They are living out their angry Woodstock fantasy pretty much everywhere these days. (Yes, Beck's calling his "Triumph of the Wingnut" event Woodstock too.) They are hoping for a bunch of liberals to spray them with fire hoses and scream at them on the way to church just so they can really have their midlife crisis in style....
...They're just upset about everything these days and they're taking it to the streets!

The paper explained that they strive to be "fair and balanced" but that they can't cover every campaign event. (If they're like most members of the press, they'll immediately assign a full time reporter to the GOP campaigns now that a bunch of angry, middle aged white people have expressed their inner Abby Hoffman. So you can't say it isn't effective.)

I'm waiting for the Joseph Kraft of today to have the blinding insight that these people are not mainstream and that it's the working and middle class moderate liberal who represents the silent majority. I suppose the first question is, who's the next Joseph Kraft/David Broder?

So, now, every time a group of people congregate, for any reason, it’s Woodstock? The picture painted by mentioning Woodstock is 180 degrees from the truth considering most tea partiers are huge supporters of family values. He could have at least refer to conservative protests as Woodstock minus the drugs, sex, and violence—but, then it wouldn’t be anything like Woodstock, would it?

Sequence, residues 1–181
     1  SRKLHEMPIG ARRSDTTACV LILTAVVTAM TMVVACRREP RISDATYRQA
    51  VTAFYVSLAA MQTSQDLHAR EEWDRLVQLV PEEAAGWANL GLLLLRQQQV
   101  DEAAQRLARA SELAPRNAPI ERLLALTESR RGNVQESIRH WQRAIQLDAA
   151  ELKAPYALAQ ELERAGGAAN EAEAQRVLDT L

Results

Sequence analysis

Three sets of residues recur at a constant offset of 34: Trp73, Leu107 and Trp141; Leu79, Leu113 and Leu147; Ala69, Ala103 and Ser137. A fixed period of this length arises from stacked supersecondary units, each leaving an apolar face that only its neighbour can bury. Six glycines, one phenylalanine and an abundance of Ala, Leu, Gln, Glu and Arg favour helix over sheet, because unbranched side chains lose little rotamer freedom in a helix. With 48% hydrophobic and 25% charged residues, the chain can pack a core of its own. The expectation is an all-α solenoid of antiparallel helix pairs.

The author thinks that tea partiers are some sort of fringe group (but Woodstock liberals are okay?) He's obviously never attended a tea party rally, so perhaps I should forgive his ignorance.

Personally, I think the tea party may be the greatest thing to happen to this country since Ronald Reagan (who was the greatest thing since sliced bread). But, suggesting I'm some sort of fringe lunatic would be giving me way too credit in the "interesting" department--I'm just not that exciting. And, tea partiers are no more fringe than those who stood up for freedom in the Revolutionary War.

The reason the author considers tea partiers to be outside the realm of mainstream America is because the press paints them as racist, closed-minded, right-wing extremists. The blogger's entire opinion is based off media bias, which is exactly what Saturday's group was protesting.

Monday, August 16, 2010

Hamas is Okay, but Those Tea Party People...

Spokesman for the Council on American-Islamic Relations (CAIR), Ibrahim Hooper, showed CAIR's true colors in their mission regarding American-Islamic relations.

Hooper bashed the Republican Party and the tea party for not submitting to the Ground Zero mosque. According to Politico, Hooper blames the "tea party movement [for] liberating the inner bigot in people."

But, in November of 2001, just after the 9/11 attacks, Hooper was asked if he would condemn Hamas and Islamic Jihad, and he replied, "It's not our job to go around denouncing." A few months later, Hooper tried to explain his comments by saying, "We're not in the business of condemning."

So, according to Hooper, Jihadists targeting and killing civilians on US soil is not worthy of condemnation; but people expressing sympathy for 9/11 victims, and getting ticked off (nonviolently) at the idea of then building a mosque at the attack site, is bigotry worthy of condemnation.

The mosque, supposedy purposed to promote peace, has already failed in its so-called mission and it's not even built yet. If they want to promote peace, they should get a clue that this is not the way to do it. Their persistence suggests they have other motives.